Is It Wrong to try to Pick Up Girls in a Dungeon? just keeps getting better and better. I was hooked on this third season of Danmachi right from the off, coupling its wacky characters and sharp comedy with the franchise’s strongest writing yet. One thing that Danmachi has been great with is the drama. It’s spot on in how it established its worldview, and then kept on switching things up, forcing the characters to confront their own prejudices and beliefs. The first season was all about the unlikeliest of adventurers, Bell Cranel, making a name for himself with the smallest of gods, Hestia. Season 2 lifted the veil on the gods, and how they toy with their mortal playthings. But this third season goes for one of the fundamental tenets of this world and turns it on its head, to see how the characters react.
Danmachi’s world runs like an RPG. Gods gather adventurers around them, who journey into the subterranean dungeon beneath Babel Tower, where they fight monsters to protect the people, gaining accolades and rising in power. The monsters are just mindless beasts, killing them proffers status to the adventurer, before they respawn elsewhere in the dungeon. Only Season 3 introduces us to monsters that aren’t mindless. These so-called Xenos are intelligent, can communicate, and are subject to the same fears and hopes as anyone else.
When Bell Cranel rescues a cute, defenceless girl from a group of adventurers, his worldview is shaken when he learns the girl that they dub Wiene, is actually a monster, a dragon girl also known as a vuivre. Wiene is terrified of humans, can barely communicate, and trusts no one except the one who rescued her. But Bell takes her back to the Hestia Familia, and slowly he and his friends get Wiene to open up and trust them, as well as teaching her how to speak, and about the world. Naturally she becomes one of the family. Which is all well and good, but reality is never far away.
Bell’s views on monsters may be starting to change, but while he has managed to gain some acclaim as the Little Rookie, this is one argument he is destined to lose. People do not like or trust monsters, certainly don’t want them outside the dungeon, and see them only as a nuisance to be killed. Wiene’s presence in the outside world isn’t tolerated for long. Returning her to her fellow Xenos, a community of intelligent monsters hiding away in the dungeon might seem like a good idea, but there’s no guarantee of safety there when there is a rogue Familia of the god Ikelos in the dungeon, hunting and prospering from a black market in monsters, and see a major opportunity in the existence of the Xenos. Add to that the typical games that the gods play, with Uranus in particular trying to capitalise on a chance to change the dynamic between monsters and humans, a good idea on the face of it, but in practice he’s still playing with mortal lives like pawns on a chessboard.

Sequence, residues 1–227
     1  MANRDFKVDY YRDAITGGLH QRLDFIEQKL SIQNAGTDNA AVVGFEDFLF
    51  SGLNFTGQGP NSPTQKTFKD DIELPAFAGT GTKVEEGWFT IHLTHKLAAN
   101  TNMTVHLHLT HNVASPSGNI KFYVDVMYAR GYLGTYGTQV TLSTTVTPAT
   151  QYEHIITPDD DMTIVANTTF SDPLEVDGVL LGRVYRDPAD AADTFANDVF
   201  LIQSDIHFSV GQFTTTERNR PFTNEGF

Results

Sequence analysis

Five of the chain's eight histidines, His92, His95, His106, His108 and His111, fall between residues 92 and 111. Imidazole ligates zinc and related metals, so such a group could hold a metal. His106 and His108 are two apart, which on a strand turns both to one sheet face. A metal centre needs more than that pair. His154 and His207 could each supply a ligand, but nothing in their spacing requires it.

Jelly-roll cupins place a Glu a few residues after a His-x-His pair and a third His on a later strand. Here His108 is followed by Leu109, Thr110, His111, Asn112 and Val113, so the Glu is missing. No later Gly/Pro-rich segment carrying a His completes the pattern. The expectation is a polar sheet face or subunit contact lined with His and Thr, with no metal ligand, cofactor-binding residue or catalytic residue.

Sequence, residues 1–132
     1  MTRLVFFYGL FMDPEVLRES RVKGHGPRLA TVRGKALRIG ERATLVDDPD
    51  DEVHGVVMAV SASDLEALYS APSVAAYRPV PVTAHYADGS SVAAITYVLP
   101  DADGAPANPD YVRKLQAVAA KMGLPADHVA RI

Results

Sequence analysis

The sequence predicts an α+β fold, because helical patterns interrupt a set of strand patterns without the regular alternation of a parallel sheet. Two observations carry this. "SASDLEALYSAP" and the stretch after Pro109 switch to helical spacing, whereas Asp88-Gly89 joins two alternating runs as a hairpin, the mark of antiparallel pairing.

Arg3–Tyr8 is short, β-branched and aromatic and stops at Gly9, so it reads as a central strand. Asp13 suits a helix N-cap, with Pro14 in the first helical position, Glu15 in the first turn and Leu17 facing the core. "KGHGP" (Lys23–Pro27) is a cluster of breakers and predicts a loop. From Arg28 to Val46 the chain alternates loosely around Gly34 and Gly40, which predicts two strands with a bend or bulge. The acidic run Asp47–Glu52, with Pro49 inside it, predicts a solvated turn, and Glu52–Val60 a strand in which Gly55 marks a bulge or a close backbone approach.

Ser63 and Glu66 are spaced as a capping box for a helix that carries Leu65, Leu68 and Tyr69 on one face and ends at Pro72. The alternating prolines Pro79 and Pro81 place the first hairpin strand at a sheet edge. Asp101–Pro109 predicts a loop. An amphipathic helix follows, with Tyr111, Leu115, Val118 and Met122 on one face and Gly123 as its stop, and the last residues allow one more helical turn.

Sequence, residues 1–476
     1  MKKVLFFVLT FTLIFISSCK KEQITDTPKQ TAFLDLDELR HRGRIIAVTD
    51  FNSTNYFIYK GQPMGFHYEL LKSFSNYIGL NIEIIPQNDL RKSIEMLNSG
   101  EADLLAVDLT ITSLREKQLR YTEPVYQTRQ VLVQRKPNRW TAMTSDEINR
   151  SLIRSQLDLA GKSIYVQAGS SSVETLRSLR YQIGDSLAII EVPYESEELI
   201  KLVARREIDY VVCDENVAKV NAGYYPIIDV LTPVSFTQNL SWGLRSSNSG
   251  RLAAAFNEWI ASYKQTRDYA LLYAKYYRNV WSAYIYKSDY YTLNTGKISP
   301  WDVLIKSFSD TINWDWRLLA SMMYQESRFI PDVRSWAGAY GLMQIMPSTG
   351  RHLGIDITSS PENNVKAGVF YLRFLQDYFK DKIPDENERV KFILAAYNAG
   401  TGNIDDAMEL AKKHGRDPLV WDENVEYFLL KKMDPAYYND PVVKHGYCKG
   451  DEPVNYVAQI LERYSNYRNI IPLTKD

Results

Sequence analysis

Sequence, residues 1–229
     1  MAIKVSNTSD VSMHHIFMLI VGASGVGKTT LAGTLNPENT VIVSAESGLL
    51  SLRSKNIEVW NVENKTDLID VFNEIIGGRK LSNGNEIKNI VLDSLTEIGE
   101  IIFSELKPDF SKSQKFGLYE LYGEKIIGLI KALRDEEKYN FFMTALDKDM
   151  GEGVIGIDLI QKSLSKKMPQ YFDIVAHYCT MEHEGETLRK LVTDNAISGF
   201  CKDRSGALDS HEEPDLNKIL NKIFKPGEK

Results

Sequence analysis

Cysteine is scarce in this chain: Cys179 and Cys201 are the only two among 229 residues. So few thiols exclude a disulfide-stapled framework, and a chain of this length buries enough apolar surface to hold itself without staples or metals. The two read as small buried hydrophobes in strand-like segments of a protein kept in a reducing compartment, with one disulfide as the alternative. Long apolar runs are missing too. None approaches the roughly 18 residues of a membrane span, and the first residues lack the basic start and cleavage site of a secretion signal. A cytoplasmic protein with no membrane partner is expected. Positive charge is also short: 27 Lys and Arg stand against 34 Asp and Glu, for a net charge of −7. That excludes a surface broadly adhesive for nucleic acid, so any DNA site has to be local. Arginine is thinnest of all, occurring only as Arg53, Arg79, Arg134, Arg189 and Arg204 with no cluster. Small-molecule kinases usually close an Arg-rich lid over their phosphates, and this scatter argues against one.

As the story unfolds, it becomes less about Bell changing people’s hearts and minds, and more about him accepting the possibility of becoming an outcast for his new beliefs, and it even brings the Hestia Familia in to friction with Loki’s Familia, the adventurers who in particular make their names from killing monsters. There comes a point where Bell has to fight his mentor Ais Wallenstein, the warrior girl who taught him how to fight in the first place. Bell has his adoring harem of girls, but if there’s one that you might want him to end up with, it’s Ais, which makes the fight between them all the more poignant.
I’ve really enjoyed the Danmachi franchise to this point, but Season 3 is the first to really hit me in the feels. It even has a tragedy to triumph moment that in any lesser show would feel like a contrived manipulation, but here has enough in the way of foreshadowing to make sense. On more than one occasion I was moved to protest that “I had something in my eye, that’s all”, which is something that I had yet to experience with this franchise.
Season III is Danmachi at its finest. It’s as if everything that has come before has been building up to this storyline. The creators understand how to craft good drama, and mix it up with some of the series’ funniest moments. I can’t believe how much I laughed at the scene where Ais was confronted with Bell’s harem. The only, slight negative might be the placement of the typically disposable, fan-service heavy OVA episode after the season’s emotionally cathartic climax. It kind of lowers the tone. It doesn’t make a material difference, but I would have preferred it tucked away in the extras menu. But still, this show is well worth getting, and is excuse enough to go back and start from the beginning if you’ve been avoiding Danmachi thus far. The Blu-rays too present the show as you would hope.